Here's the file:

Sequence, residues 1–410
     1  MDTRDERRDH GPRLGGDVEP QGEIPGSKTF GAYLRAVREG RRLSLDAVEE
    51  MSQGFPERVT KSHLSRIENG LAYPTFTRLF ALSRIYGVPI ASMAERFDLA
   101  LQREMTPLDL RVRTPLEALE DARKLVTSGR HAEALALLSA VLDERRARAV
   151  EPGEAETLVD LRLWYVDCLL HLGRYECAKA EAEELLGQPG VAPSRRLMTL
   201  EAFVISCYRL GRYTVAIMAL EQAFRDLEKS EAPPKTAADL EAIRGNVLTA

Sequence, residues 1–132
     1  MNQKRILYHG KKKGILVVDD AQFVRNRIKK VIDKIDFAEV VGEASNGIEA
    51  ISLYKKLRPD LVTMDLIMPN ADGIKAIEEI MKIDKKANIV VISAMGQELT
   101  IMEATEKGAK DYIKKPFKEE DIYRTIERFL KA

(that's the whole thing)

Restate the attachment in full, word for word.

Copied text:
Sequence, residues 1–410
     1  MDTRDERRDH GPRLGGDVEP QGEIPGSKTF GAYLRAVREG RRLSLDAVEE
    51  MSQGFPERVT KSHLSRIENG LAYPTFTRLF ALSRIYGVPI ASMAERFDLA
   101  LQREMTPLDL RVRTPLEALE DARKLVTSGR HAEALALLSA VLDERRARAV
   151  EPGEAETLVD LRLWYVDCLL HLGRYECAKA EAEELLGQPG VAPSRRLMTL
   201  EAFVISCYRL GRYTVAIMAL EQAFRDLEKS EAPPKTAADL EAIRGNVLTA

Sequence, residues 1–132
     1  MNQKRILYHG KKKGILVVDD AQFVRNRIKK VIDKIDFAEV VGEASNGIEA
    51  ISLYKKLRPD LVTMDLIMPN ADGIKAIEEI MKIDKKANIV VISAMGQELT
   101  IMEATEKGAK DYIKKPFKEE DIYRTIERFL KA